Chapter 3. Understanding the Evas Canvas

Table of Contents

What "Image-based" Means
What "State-aware" Means
Available Programming Facilities

By now you should know that Evas is a canvas. But what makes it different from the other solutions that already exist? Each mature toolkit provides its own Canvas widget which if used correctly can really give the edge to your application. Let's see a quick summary of Evas features versus the traditional solutions.

Table 3.1. Evas versus the competition

Your Canvas widgetThe Evas Canvas
An extra widget of the toolkitThe base of the toolkit (EWL/ETK)
Part of an ApplicationTHE application itself
Shape/Vector basedImage based
State un-awareState aware
X11 back-endX11, framebuffer, Xrender, OpenGL back-end
Desktop usageDesktop/Embedded usage

While most users will perceive Evas-based applications as impressive applications with low requirements for computer resources, for developers things are different. The way you program Evas is a refreshing change from what you have seen before. Most of the points presented on the table are fairly easy to understand.

The last point regarding the speed of Evas is the easiest to recognize once you start programming with EFL. Graphic routines are highly optimized and carefully profiled (even for the software back-end) so that Evas really feels fast for users. If you ever hated Canvas widgets for their lack of speed, problematic scrolling, and low-quality resizing, Evas might be just what you are looking for.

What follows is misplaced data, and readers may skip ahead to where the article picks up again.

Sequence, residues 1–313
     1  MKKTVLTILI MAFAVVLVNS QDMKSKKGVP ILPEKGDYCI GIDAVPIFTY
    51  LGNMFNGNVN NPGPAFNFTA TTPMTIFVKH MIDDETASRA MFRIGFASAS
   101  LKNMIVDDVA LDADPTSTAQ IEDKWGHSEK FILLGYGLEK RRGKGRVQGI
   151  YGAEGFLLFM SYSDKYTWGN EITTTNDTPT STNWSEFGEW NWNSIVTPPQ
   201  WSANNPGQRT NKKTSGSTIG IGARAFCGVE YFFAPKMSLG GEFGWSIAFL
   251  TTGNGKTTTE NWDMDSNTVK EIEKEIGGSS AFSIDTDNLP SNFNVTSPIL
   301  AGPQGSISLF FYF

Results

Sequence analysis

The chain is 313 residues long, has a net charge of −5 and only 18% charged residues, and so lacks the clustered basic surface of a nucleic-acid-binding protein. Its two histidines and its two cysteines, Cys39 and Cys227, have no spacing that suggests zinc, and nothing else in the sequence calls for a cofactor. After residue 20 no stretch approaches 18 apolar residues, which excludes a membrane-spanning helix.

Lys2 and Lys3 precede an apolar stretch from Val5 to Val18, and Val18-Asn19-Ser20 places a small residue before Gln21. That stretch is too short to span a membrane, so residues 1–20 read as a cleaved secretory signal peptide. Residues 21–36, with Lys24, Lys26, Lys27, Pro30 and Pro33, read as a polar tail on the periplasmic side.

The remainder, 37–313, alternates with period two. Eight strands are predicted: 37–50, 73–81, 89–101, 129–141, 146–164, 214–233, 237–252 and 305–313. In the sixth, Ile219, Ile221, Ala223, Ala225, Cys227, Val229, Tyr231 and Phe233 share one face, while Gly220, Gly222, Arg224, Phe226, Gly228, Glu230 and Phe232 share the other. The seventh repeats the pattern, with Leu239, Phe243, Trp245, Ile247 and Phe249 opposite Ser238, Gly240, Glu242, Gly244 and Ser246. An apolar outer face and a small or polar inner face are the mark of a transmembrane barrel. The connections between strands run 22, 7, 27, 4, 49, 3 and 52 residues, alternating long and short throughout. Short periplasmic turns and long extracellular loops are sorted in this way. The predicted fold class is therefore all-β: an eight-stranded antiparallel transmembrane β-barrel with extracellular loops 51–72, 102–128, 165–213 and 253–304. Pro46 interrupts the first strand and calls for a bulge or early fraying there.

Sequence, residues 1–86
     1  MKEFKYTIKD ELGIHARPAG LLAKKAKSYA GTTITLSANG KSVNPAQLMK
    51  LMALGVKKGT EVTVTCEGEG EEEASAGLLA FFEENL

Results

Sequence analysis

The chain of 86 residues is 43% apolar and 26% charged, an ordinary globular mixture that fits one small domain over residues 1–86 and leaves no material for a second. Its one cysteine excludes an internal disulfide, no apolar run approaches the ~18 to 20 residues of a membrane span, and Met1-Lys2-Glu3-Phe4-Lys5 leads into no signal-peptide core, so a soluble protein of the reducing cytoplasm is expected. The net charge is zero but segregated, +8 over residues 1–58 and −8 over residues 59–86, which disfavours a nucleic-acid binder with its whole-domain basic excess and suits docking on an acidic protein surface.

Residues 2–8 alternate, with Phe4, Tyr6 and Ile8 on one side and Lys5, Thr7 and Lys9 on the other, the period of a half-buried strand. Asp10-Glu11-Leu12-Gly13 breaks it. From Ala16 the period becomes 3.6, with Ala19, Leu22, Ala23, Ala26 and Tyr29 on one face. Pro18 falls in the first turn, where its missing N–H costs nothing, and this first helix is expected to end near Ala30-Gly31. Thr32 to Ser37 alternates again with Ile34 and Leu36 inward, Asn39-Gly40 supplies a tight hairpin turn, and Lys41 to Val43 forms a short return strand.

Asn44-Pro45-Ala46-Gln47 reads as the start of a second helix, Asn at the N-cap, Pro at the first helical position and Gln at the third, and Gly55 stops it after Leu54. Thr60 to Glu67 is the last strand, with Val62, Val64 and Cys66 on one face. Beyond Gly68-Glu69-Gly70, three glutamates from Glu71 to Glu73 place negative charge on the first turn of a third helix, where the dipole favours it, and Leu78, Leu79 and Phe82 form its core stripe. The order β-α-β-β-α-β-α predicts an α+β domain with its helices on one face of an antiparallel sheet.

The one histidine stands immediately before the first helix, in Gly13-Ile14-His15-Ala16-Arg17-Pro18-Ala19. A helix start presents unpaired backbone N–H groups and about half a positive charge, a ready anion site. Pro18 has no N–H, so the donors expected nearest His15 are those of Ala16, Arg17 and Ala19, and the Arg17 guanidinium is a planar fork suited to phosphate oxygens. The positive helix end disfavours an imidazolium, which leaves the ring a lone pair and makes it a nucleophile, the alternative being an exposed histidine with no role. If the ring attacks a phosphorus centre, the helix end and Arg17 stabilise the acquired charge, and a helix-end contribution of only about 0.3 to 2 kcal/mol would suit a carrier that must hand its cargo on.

We devote two separate sections on the key features that we think make Evas truly evolutionary.

What "Image-based" Means

Since computers became capable of displaying graphics, pixel-based images comprise the bulk of visual output presented on user screens. Images stored in pixels take a lot of space to store, but are rather easy and fast to load and display. The pixel information is stored on a big 2D array (in the simplest case) and displaying graphics means simply copying the colour values from file to screen (not exactly but you get the idea).

Apart from the problem with storage space, pixel-based graphics suffer also from fixed quality and resolution dependence. If the user has a big screen, graphics will look small, while in the opposite case graphics will look really cramped since the screen estate is constrained. This problem is especially evident with application icons which can not be easily resized and keep their sharpness. Current solutions are forced to include different sizes of icons for 3 or 4 possible resolutions in order to accommodate for different uses. This not only increases disk space requirements but also adds complexity to loading and locating the appropriate icon file. Well known is the fact that wallpapers for common desktop environments come in different sizes. But what happens if you use 1600x1200 resolution and your favourite wallpaper comes in 1024x768?

The software platforms are slowly but steadily moving to vector graphics. Vector graphics are destined to replace pixel-based graphics in many fields. Files which contain vector-based graphics do not store any pixel information at all. They rather contain a mathematical representation of an image. When the file is displayed the computer plots the mathematical function in real time on screen, and the user sees an image which is actually the result of rendered graphics.